Two years back, I researched the best places to live if you’re starting out – or starting over. I covered various ages and stages. But what if you’re at midlife, say 50 or older? What if you’re in full-blown “reinvention” mode?
Let’s face it, many of us are in the “starting over” category, and more than once. We don’t necessarily have buckets of cash at our disposal much less a partner ready to share and support our adventures. You could say that starting out at 22 or 25 puts you squarely in the same situation, but there’s a significant difference – life is generally all about you.
And that’s as is it should be. You’re young, strong, flying the nest or finishing college. You may be plenty scared but you’re taking off all the same, about to gain experience and discover what works for you. As the saying goes, “you have your whole life ahead of you.” It’s frightening – and thrilling!
Starting over after age 50 offers its own set of considerations – advantages, yes – and also constraints.
It’s not better or worse, but it’s certainly different. And it’s about letting go as much as diving in. It’s more than relocation; it’s a process of rediscovering yourself.
Why Start Over at 50 or 60?
So why are people starting over at 50 or 55 or 60?
- You find yourself free and somewhat aimless, as you start over after a marriage ends. We all know that Gray Divorce is on the rise, and widowhood may strike at any time.
- Your kids have moved on with their lives, and single or partnered, you long for something new without necessarily crossing a continent or an ocean to see your children, or possibly grandchildren.
- You may be starting over in a career or job, which is no longer unusual at midlife. But you will be competing with younger men and women, and you’re targeting a job a market with appropriate opportunities.
- Whatever the reason for starting over, with your additional wisdom often come aches and pains, the expense of doctors or medications, the need for a certain climate, and also, affordability and accessibility necessary to maintain physical health.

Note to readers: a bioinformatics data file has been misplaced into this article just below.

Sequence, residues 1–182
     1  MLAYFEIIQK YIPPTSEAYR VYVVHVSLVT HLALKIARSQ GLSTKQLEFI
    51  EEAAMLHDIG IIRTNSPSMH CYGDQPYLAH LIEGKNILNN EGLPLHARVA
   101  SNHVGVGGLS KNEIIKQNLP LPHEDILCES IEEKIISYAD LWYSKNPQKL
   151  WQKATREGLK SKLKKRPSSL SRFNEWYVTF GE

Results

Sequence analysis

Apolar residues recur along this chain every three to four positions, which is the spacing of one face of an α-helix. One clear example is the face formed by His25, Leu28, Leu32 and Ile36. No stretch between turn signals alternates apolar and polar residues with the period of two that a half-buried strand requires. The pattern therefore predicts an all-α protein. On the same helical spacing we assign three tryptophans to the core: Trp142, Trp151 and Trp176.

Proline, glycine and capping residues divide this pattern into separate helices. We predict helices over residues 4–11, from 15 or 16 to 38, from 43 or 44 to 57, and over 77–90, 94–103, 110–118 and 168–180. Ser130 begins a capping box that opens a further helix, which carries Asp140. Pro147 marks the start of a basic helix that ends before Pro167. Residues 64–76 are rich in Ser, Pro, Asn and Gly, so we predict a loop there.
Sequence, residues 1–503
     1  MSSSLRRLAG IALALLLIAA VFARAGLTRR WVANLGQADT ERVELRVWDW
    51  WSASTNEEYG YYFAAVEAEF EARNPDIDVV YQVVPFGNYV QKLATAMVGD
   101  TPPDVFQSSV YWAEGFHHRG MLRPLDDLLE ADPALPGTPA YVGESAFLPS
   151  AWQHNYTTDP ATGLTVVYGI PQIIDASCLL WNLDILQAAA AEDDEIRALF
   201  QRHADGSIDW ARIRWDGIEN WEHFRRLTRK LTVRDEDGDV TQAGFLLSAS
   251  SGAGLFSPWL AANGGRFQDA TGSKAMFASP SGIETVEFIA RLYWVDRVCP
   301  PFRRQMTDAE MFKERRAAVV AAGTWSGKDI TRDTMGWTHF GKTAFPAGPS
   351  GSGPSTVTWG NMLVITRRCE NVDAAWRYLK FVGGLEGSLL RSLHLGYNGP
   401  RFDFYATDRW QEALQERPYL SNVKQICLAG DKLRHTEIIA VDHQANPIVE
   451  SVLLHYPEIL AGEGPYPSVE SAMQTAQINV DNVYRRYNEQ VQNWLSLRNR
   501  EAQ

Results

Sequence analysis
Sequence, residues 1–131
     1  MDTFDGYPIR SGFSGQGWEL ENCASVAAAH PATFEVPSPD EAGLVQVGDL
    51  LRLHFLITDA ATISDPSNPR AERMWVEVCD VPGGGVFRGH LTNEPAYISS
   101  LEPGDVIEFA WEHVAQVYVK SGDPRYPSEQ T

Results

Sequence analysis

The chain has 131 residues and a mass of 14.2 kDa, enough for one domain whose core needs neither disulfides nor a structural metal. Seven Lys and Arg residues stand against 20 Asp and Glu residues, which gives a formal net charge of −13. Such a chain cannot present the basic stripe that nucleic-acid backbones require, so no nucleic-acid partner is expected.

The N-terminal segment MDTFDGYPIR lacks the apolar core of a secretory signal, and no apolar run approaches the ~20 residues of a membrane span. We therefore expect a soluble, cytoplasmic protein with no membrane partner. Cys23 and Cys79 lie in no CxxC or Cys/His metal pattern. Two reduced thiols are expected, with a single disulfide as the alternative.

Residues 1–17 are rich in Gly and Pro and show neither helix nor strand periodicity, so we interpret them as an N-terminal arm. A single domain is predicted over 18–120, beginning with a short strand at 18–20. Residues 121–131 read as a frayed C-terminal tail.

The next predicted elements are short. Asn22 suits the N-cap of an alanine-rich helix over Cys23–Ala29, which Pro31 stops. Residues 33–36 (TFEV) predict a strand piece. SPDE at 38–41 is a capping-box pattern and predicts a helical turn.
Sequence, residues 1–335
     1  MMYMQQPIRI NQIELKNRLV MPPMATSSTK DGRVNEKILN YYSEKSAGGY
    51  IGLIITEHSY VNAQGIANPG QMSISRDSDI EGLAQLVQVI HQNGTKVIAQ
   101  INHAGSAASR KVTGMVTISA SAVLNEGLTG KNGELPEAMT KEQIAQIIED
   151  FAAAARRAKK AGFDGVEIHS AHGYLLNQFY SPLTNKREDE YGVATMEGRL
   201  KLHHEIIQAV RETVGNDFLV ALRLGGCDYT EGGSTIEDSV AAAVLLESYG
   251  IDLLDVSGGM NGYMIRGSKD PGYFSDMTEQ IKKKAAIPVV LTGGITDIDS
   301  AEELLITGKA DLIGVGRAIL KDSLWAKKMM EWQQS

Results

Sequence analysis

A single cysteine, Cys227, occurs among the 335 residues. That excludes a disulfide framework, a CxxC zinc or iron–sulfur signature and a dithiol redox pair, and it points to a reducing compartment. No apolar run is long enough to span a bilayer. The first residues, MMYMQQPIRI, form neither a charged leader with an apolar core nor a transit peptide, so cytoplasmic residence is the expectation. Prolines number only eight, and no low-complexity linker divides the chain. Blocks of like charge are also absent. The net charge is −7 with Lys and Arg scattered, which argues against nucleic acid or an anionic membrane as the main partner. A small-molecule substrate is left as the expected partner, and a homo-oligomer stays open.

- You may be willing to admit that while you’ve always wanted to live on the West Coast or the East Coast – or London or Paris – you have less energy or emotional resilience than you had 25 years earlier. Or even five years earlier!
I’ve been surprised at how often my two-year old research continues to provide some sort of service. Recently, one or two Empty Nesters have popped by to read, so I thought I would update those findings specifically for the 50+ crowd, pull together whatever I could find on the web, and add a few thoughts of my own.
I have a vested interest; I’m no longer contemplating Empty Nest. I’m there.
Unsettled at Empty Nest
Facing those “starting over” questions is tough at any age and in any number of circumstances. If you’re married, you have two individuals to consider, and possibly two jobs, two sets of preferences in what you envision as the next chapter, and ideally, a partner with whom to share the decisions and the stress.
It’s less frightening to start over when you’re not alone, which doesn’t mean it isn’t unnerving.
If you’re single at Empty Nest?
It’s another ballgame. On the downside, most likely you have only yourself to depend on financially. However, you also need only please yourself when it comes to the future. At least, that’s what we think a few years earlier. Let me say, the reality may present differently.
In fact, a recent comment on “Starting Out and Starting Over” states:
I’m… struggling to feel comfortable with this next life chapter without my children… I feel so unsettled and torn.
What is adding to this Empty Nester’s understandable indecision?
Young adult children spread across the US, and a strong desire to live her own life more fully, having survived a bout of cancer.
Resources on Starting Over After 50
Speaking purely of the women I know, we seem to carry the familial care-taking role with us well beyond our active care-taking years. Ceasing to do so – even provisionally – is a challenge. We find ourselves seeking compromise scenarios in which we gain additional measures of whatever we want for ourselves, without feeling as though we’re straining critical connections to loved ones who depend on us.
We hope to settle on reasonable geographic access to family – for them, as well as for ourselves.
So how do we choose potential destinations? If we know what the considerations are, how do we select a place to start over while hedging our bets?
- AARP provides a nice summary of options on Starting Over After 50. It offers its Top 10 Places to Live on $100/Day including Spokane (WA), San Antonio (TX), Roanoke (VA), and Pittsburgh (PA).
- CNN’s Money Magazine offers its list of Top Places to Live (not age-specific), based on financial considerations.
- MSN Real Estate features its 10 Best Places for Starting Over when it comes to housing options.
- If you’re looking to work, from AARP and focusing on 2013: Best Employers for Workers Over 50.